The first and most popular way that traders use the RSI is to identify and potentially trade overbought and oversold areas in the market. Because of the way the RSI is constructed a reading of 100 would indicate zero losses in the dataset that you are analyzing, and a reading of zero would indicate zero gains, both of which would be a very rare occurrence. As such James Wilder who developed the indicator chose the levels of 70 to identify overbought conditions and 30 to identify oversold conditions. When the RSI line trades above the 70 line this is seen by traders as a sign the market is becoming overextended to the upside. Conversely when the market trades below the 30 line this is seen by traders as a sign that the market is becoming over extended to the downside. As such traders will look for opportunities to go long when the RSI is below 30 and opportunities to go short when it is above 70. As with all indicators however this is best done when other parts of a trader's analysis line up with the indicator.

Example of RSI Showing Overbought and Oversold:

A second way that traders look to use the RSI is to look for divergences between the RSI and the financial instrument that they are analyzing, particularly when these divergences occur after overbought or oversold conditions in the market. These divergences can act as a sign that a move is loosing momentum and often occur before reversals in the market. As such traders will watch for divergences as a potential opportunity to trade a reversal in the stock, futures or forex markets or to enter in the direction of a trend on a pullback.

Example of RSI Divergence:

The third way that traders look to use the RSI is to identify bullish and bearish changes in the market by watching the RSI line for when it crosses above or below the center line. Although traders will not normally look to trade the crossover it can be used as confirmation for trades based on other methods.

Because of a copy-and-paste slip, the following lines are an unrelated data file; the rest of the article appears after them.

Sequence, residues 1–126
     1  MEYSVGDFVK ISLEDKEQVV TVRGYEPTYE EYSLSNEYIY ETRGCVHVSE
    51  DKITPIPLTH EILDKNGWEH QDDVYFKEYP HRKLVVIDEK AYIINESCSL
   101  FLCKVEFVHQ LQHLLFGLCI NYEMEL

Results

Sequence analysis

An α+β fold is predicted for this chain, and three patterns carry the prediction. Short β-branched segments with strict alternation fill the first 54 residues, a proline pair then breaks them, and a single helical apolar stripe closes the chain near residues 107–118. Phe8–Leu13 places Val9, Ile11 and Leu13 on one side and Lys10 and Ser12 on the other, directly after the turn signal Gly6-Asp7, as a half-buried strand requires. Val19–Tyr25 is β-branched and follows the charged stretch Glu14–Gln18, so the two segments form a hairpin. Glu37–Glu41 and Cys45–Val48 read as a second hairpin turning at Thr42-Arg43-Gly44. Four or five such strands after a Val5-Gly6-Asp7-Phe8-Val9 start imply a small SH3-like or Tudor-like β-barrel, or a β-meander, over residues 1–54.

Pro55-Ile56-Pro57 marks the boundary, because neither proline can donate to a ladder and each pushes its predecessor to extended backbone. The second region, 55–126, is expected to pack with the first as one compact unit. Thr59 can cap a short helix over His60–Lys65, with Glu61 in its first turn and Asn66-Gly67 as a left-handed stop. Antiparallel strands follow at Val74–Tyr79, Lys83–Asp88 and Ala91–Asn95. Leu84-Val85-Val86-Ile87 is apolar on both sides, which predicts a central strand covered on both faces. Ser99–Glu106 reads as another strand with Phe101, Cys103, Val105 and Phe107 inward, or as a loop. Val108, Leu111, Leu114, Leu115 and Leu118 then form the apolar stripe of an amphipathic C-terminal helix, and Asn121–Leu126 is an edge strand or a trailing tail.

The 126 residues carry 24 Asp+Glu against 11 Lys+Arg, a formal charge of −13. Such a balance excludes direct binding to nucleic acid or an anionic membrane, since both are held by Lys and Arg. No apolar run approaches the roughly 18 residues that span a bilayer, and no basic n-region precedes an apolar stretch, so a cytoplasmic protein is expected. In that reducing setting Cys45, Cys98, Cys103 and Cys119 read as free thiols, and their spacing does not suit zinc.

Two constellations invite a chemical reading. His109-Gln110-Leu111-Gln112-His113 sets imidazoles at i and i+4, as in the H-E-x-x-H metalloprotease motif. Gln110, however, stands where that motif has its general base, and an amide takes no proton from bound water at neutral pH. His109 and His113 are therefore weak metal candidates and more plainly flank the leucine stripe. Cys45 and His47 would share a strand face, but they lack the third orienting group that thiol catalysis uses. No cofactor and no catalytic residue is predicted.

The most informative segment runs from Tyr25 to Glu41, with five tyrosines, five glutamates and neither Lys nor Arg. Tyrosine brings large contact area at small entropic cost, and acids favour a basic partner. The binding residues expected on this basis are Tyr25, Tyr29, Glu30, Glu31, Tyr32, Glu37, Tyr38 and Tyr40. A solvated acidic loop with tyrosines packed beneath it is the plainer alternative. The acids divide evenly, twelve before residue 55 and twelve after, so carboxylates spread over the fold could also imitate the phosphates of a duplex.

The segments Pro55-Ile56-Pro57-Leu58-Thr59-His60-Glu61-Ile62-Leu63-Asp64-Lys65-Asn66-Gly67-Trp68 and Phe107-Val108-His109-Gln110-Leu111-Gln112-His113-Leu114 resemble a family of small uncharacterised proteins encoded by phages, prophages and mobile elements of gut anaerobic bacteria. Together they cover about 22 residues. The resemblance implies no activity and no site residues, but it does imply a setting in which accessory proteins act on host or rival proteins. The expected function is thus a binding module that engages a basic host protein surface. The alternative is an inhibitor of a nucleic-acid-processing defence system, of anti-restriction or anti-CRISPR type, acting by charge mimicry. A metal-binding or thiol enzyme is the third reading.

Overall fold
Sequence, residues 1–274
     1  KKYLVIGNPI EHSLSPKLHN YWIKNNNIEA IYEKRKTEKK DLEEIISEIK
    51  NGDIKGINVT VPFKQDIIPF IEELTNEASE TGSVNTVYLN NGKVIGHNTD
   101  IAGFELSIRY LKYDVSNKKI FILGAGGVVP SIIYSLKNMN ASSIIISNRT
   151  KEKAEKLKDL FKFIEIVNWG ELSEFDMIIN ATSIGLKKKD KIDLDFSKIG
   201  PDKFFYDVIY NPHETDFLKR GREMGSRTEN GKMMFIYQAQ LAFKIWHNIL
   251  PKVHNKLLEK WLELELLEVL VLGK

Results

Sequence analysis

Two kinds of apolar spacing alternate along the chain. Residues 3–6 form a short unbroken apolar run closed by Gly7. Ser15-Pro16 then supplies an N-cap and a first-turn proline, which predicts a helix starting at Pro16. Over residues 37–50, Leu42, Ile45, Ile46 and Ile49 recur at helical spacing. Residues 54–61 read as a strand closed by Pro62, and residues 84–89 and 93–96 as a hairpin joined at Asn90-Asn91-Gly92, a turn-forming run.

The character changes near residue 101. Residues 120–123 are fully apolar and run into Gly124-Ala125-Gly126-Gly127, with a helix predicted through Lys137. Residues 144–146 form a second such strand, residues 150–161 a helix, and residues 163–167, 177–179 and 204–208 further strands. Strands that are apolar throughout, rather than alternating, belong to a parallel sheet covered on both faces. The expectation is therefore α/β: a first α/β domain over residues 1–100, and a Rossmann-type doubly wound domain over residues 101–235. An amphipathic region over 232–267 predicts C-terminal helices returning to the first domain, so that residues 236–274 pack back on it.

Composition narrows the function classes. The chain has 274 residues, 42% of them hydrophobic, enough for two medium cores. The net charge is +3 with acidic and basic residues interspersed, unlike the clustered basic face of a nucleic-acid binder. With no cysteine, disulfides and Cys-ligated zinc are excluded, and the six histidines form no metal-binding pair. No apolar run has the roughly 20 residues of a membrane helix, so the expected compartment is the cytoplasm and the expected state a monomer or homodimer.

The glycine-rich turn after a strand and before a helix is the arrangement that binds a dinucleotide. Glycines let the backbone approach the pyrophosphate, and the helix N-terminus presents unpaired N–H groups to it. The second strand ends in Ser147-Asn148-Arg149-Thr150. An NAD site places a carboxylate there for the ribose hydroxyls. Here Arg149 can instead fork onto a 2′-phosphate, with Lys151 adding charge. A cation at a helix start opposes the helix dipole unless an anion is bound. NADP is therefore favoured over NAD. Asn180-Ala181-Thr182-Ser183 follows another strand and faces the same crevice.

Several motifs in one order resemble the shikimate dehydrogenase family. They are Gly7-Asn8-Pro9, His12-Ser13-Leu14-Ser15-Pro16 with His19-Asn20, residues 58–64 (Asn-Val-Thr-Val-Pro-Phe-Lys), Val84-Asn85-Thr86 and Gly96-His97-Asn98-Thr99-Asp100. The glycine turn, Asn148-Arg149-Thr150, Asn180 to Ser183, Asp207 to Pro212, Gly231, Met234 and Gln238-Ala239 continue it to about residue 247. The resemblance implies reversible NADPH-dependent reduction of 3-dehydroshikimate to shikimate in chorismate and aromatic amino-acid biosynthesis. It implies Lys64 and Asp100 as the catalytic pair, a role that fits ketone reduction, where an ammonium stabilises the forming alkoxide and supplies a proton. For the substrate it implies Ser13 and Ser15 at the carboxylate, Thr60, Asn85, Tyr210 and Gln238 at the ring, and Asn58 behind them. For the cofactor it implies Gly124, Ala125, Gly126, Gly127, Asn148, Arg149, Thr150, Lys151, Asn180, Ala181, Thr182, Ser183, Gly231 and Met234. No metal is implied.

Example of the RSI Centerline Crossover:


That's our lesson for today. You should now have a good understanding of the RSI and how traders use this indicator in their trading. In tomorrows lesson we will look at another Oscillator which is known as the Stochastic Oscillator so we hope to see you in that lesson.

As always if you have any questions please feel free to leave them in the comments section below, and have a great day!
Lecture 23
How to Trade Stochastics Like the Pro's Do
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How to Trade Stochastics Like the Pro's Do
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VIDEO NOTES


A lesson on how to trade the stochastic oscillator for active day traders and investors using technical analysis in the stock market, forex market. and futures market.

In our last lesson we learned about the RSI indicator and some of the different ways traders of the stock, futures, and forex markets use this in their trading. In today's lesson we are going to look at another momentum oscillator which is similar to the RSI and is called the Stochastic.